Caterham Midlands Open Day

Caterham Midlands Showroom
Caterham Midlands Showroom

Oh – it’s getting more real now! On Sunday, I was invited along to a Caterham Midlands open day. Although they bribed me with a Formula 1 car and live screening of the F1 Race from Barcelona, all they really needed was to highlight the Hog Roast ūüôā I was there!

There was also the slight matter of the chance to test drive the Academy Car for the first time. I actually got to contort myself into, and drive the car I blindly put my deposit down all those months ago!

The Elise is an extremely responsive car. It feels connected to the road in a way that other ‘normal’ road cars jut don’t. It has very direct and precise steering. On paper, the performance of the Elise against the Academy car isn’t radically different. On that basis, I was expecting to jump into the Caterham and feel pretty at home.

Academy Cars on hand for test drives
Academy Cars on hand for test drives

I was taken on the outbound journey by Damian, the Sales manager, and he gave an extremely competent ‘demo’ of the car (grin grin grin). Then, a (not) quick driver change and I got to have a go.

5 meters down the road, I was amazed how different everything feels. As direct and responsive as the Elise is, the Caterham is more so. The smaller steering wheel, significantly lighter weight and the cocoon of the extremely small cockpit really don’t leave anything¬†in-between¬†you, the car and the road. Steering input is even more sensitive and I didn’t get used to this at all in the 5mins or thereabouts of driving.¬†The short throw gear changes also felt nice and crisp. The different perspective you get from driving a car ¬†between the rear wheels with a vast bonnet reaching out in front of you was also something that felt completely alien.

It was all over too soon, but it gave me a thirst for more… and although I am going to desperately miss my Elise, I know that the Caterham is going to be a new challenge and offer up as much fun.

Nick Portlock (Porky) and his Academy Car
Nick Portlock (Porky) was on hand with his Academy car and plenty of chat and banter. Answered an absolute tonne of questions and was invaluable to both prospective and signed up alike.

On top of the test drive, the day was also a fantastic opportunity to get to meet the Caterham team, some fellow 2013 Academy entrants and have a chat with Porky from the current 2012 season.

There’s a real family atmosphere. Because Caterham isn’t a large organisation – everyone knows everyone and because the car is so specialist, lots of existing owners turned up to show off their toys, mingled and chat.

Any colour you like
Any colour you like

The carpark, drive and entrance were all completely festooned with Cats of all types. I would say ‘all shapes and sizes’ but that wouldn’t be true! From new to old, ¬£50k to ¬£12k they all look almost identical! Colour is the biggest differentiator – and Cat owners make the most of that.

It feels good to be a part of something – something with a history and with a group of people at Caterham that are setup and ready to deal with all the usual queries, worries and advice that a newbie needs to know. They’ve seen it all before. I’m glad I’ve chosen this route into motorsport. It’s certainly not the cheapest way of getting out on track – but I think it might just be the best.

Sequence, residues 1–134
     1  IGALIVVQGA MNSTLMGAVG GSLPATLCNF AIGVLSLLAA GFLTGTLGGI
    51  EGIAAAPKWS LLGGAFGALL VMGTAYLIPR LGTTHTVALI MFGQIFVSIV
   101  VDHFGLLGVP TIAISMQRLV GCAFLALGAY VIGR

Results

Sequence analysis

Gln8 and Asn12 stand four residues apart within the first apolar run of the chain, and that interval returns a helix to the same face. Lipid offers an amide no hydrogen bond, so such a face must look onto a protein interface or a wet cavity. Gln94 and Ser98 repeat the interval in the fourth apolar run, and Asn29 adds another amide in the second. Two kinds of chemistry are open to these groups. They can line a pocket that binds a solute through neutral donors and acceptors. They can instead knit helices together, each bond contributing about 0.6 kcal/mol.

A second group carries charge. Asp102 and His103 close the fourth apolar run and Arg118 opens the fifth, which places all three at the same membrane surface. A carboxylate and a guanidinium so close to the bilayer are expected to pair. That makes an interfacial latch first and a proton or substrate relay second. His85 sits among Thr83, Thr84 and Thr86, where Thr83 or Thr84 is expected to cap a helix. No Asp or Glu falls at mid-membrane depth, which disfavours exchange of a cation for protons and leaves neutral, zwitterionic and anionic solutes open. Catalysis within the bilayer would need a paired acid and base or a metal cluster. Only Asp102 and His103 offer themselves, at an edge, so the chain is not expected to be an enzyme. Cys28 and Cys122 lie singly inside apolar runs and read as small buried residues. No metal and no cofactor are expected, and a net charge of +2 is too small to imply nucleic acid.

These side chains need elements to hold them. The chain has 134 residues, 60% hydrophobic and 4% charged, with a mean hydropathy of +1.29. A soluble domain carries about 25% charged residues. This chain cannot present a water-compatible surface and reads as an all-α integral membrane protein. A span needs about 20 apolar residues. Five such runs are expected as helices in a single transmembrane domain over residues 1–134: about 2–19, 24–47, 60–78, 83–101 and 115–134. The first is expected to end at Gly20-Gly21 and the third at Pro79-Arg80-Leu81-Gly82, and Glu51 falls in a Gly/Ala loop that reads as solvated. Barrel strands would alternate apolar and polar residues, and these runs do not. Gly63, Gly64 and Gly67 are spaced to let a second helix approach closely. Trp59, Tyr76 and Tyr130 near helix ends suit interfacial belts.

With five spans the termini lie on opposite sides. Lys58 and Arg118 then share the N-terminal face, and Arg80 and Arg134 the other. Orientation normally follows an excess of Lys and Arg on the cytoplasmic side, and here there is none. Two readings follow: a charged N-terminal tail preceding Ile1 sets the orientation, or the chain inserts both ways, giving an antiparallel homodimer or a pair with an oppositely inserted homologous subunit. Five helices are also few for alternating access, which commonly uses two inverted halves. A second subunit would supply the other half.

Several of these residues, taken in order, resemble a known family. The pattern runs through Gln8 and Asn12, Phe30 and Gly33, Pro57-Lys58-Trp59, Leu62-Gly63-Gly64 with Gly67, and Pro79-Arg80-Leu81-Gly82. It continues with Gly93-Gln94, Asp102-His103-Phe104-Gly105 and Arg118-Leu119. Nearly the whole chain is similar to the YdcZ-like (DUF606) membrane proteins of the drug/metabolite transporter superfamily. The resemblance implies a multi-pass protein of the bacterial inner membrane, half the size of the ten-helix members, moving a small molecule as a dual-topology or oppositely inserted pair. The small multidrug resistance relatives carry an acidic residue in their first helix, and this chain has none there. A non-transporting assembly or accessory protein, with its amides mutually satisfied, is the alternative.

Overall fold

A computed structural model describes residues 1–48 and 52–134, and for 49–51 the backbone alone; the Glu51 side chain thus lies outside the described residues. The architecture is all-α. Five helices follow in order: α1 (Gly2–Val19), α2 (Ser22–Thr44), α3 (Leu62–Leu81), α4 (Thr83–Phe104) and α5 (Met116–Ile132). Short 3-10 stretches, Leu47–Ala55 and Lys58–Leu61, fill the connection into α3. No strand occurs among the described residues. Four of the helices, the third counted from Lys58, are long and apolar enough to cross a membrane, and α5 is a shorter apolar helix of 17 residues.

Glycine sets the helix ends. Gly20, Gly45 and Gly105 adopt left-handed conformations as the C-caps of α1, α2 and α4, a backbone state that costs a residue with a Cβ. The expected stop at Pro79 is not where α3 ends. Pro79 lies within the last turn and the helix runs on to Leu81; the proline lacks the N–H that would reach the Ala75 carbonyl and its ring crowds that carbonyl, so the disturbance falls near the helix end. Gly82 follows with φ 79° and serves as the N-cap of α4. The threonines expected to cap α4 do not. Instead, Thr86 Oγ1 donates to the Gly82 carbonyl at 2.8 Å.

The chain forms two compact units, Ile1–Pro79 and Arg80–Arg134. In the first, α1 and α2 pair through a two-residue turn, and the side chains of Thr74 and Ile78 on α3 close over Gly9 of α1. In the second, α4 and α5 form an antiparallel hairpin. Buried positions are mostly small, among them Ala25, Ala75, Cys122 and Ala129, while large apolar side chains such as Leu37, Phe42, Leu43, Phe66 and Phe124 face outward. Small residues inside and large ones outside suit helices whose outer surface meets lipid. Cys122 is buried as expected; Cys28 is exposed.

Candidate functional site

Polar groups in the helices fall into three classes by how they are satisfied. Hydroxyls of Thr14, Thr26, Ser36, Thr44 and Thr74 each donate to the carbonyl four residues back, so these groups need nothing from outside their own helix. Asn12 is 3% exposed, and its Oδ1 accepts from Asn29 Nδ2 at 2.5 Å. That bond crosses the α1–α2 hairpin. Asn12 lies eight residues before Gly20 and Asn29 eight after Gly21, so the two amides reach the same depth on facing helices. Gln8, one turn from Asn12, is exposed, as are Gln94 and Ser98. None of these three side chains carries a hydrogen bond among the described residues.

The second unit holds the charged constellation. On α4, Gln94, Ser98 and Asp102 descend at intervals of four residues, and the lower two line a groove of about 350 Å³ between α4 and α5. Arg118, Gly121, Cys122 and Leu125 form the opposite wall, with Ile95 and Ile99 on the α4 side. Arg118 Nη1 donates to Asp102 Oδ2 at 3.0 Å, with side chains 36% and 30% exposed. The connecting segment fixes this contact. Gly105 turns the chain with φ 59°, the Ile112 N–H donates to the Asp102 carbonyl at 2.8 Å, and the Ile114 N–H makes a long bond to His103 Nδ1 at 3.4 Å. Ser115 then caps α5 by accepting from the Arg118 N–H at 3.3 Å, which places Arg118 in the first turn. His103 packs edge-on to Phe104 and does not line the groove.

Here’s hoping!

Tow ball done

£345 fitted inc VAT and I have a tow ball ready for the trailer.

The Elise is being pampered at the moment and will be polished within an inch of it’s life geting ready for sale. The warm weather isn’t any good for plants at the moment, but if it continues, it could be great for selling a convertible!

Fingers crosses…

Also good to see some other Academy racers coming by the site. It would be brilliant if comments were left to see how my cost estimations are going? Are they accurate?

This in-between stage is hard to live with at the moment. I can’t get on track as I’m saving every penny at the moment and it’s still a long way off to the build. I’m sure time will scream by though. Especially as there are 2 payment stages in-between now and then!

One final update is that I’m going to speak to Caterham about sorting myself a visit to see options and test drive a 7! Buying a car without having sat in it or driven it is a bit barmy!

Useful links and resources…

There are some great resources out online – and the source for much of the information that has been collated here.

First step for any Academy entrant (or any other entrant to the Caterham Motorsport ladder is the main motorsport website and also the community forum.

Main Caterham Motorsport Website:

Main Caterham Motorsport Forum:

There are also some great blogs that have been put together by prior competitors to the Academy which document their builds and their seasons progress.

Often these same competitors are also active on the community forum, so they are a great resource to find out the information you really need when considering taking part.

They know what it took to build and compete in their respecitve seasons!

Academy Competitor Blogs

  • Mike Hart Racing¬†– Documents build and competition through 2010 Caterham Academy
  • Racing Fox Blog – Document build of 2010 Caterham Academy car and competition through a championship winning season, and then on into another winning championship in Caterham Roadsport B.
  • Tim Abbott Racing – 2010 season blog
  • Joel Wymer Blog – Racing13 2010 build and competition blog. Also Roadsport B during 2011.
  • Torminator – Build blog and build up to the 2012 season

Racing gear